Berger noted that measuring risk with fMRI, PET scanning for amyloid beta, or even EEG would almost involve conducting a study within a study, because these measures are not done within routine care. A practical challenge may be the ability to quickly analyze such data. Berger also noted that while neuroinflammation currently appears to be the most promising target, previous studies looking at anti-neuro-inflammatory compounds have not shown an association with postoperative delirium or cognitive dysfunction. It will be important to identify specifically which inflammatory pathways are involved and to selectively target them, he said.
Fillit asked whether a drug study might want to focus on a particular type of surgery. Marcantonio noted that homogeneity in surgery type would be ideal; to understand a population at risk, many patients will have to be screened, but for a small, proof-of-concept study, homogeneity could be achieved. Regardless, he said, such studies should make sure to use state-of-the-art highly sensitive delirium measures that can also determine delirium severity. He offered to consult with researchers launching studies to consult on existing measures.
Spies raised several other study design issues. First, how and how often to measure delirium? Second, how to account for pre-existing factors such as diastolic dysfunction or metabolic syndrome that can boost the risk profile of surgery, and how to account for the fact that patients are often anesthetized too deeply, also raising the risks? These factors must be very carefully controlled for, she said.
One realization he took from the meeting, Brzezinski said, was that "everyone is doing something different" in terms of diagnostic tests, measures, and definitions. Regardless of the study, researchers must begin collecting some basic, commonly agreed-on data, and make them freely available to the community. Having such a database that grows over time will allow researchers to devise hypothesis-generating studies.
Berger agreed, adding that he and a group of researchers are working on standardized nomenclature for postoperative cognitive decline that should come out later this year. Journals should also be encouraged to insist on the creation and the use of clinically defined definitions.
Fillit raised the question of the type of study design that could be used to determine which anesthetics are most neuroprotective. The field needs to conduct a comparative effectiveness study of the anesthetics used in surgery, Xie said. Fillit noted that this could be accomplished using already-known biomarkers, and its results would allow clinicians to provide patients with some concrete answers about factors that might affect their cognitive outcome after surgery. Spies said that the BioCog project will conduct risk profiling, but that depth rather than type of anesthetic drug is likely the key factor. She added that researchers must make sure to measure delirium in all patients in the recovery room. Later, too many factors can mask its occurrence or intensity.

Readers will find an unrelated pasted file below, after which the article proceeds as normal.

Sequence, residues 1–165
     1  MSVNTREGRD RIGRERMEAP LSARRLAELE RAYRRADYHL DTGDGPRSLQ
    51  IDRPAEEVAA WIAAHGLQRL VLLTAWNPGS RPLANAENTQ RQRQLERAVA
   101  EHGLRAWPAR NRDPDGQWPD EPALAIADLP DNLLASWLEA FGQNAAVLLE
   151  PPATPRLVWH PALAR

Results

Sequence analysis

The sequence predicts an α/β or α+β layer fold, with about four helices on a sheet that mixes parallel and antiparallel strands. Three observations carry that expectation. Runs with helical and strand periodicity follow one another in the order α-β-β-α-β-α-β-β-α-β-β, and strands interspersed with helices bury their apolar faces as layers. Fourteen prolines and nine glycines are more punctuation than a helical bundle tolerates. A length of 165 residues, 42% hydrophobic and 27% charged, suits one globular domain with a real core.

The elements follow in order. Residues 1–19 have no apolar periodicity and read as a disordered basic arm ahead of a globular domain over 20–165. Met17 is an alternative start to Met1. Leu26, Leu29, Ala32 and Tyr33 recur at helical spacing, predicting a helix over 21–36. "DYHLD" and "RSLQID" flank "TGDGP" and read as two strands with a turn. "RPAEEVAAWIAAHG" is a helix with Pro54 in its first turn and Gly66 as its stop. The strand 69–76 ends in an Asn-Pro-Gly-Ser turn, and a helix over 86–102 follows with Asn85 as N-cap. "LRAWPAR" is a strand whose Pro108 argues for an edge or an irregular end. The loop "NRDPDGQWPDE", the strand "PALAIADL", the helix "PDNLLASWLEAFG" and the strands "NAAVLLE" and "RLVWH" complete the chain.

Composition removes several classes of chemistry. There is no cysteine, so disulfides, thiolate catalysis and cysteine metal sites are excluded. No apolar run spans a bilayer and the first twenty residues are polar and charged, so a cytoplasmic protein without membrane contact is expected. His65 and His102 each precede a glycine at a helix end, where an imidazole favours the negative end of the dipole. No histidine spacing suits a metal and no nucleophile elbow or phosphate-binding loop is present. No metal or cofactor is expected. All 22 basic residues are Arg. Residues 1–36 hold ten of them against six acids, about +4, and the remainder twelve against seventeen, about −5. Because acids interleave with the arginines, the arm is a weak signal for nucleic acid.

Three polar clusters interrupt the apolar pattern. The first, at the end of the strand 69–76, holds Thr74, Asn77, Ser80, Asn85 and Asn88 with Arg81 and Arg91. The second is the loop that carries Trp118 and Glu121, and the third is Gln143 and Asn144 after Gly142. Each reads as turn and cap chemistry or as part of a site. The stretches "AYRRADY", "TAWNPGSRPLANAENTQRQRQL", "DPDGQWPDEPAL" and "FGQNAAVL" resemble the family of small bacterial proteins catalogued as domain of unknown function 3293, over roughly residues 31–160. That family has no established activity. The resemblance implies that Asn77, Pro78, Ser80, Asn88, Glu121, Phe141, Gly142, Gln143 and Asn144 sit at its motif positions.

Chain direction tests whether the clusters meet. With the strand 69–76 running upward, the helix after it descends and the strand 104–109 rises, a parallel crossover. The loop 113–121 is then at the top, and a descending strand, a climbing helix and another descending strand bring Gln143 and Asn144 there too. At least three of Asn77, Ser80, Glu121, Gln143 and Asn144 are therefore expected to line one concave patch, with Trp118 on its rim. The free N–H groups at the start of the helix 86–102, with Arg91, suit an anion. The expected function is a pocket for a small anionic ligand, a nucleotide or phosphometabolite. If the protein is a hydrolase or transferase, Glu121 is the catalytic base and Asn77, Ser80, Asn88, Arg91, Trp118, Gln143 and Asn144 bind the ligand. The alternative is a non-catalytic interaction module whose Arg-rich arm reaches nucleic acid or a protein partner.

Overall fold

Speakers noted that the problem of postoperative delirium and cognitive decline is multifactorial, with no single-drug solution. Rather, researchers will have to stratify risk, identify biomarkers, look at anesthesia strategies, and determine how to measure outcomes. Although the task will be formidable, it is very much achievable, Inouye said.
Fillit raised the possibility of repurposing drugs from other fields. There's increasing interest in the cholinergic hypothesis, and the study of cholinergic drugs in the prevention and treatment of postoperative cognitive problems; perhaps NMDA receptor antagonists such as xenon can also play a role. Marcantonio replied that he conducted a pilot trial some years ago of donepezil (Aricept), an Alzheimer's drug that increases cholinergic activity, for treatment of delirium, but it didn't work; he added that European trials with another substance also didn't work and in fact had to be stopped early due to safety concerns. Spies noted that there were complicated study design issues at play, and repeating such trials with drugs that more specifically target the brain rather than also targeting other tissues in the body would be worthwhile. Maze said that he and colleagues just conducted a study using dexmedetomidine (Precedex), an analgesic and sedative, and they found it prevented delirium in a surgical population.
Inouye suggested making a list of 10–15 promising drugs, so that researchers could determine their safety in a presurgical population as well as their impact on inflammatory biomarkers. Fillit proposed forming a study group to do so. There have been so few clinical trials that the first few will probably fail but, he said, "we'll learn a lot."
Do postoperative delirium and cognitive decline cause long-term dementia, or do they merely unmask a vulnerability already present in the brain?
Is there a pathway separate from Alzheimer's disease pathology that drives the onset of dementia after postoperative delirium?
How does anesthesia affect brain activity and consciousness?
How exactly does neuroinflammation alter cognition, and which specific inflammatory pathways are involved?
Do different anesthetics carry different risks of postoperative delirium?
Can continual EEG monitoring help diagnose delirium?
Is there a definite causal link between Alzheimer's disease pathology and perioperative care?
What makes a brain vulnerable to postoperative delirium and subsequent long-term cognitive decline?
Can xenon or other neuroprotective factors prevent postoperative delirium and cognitive decline?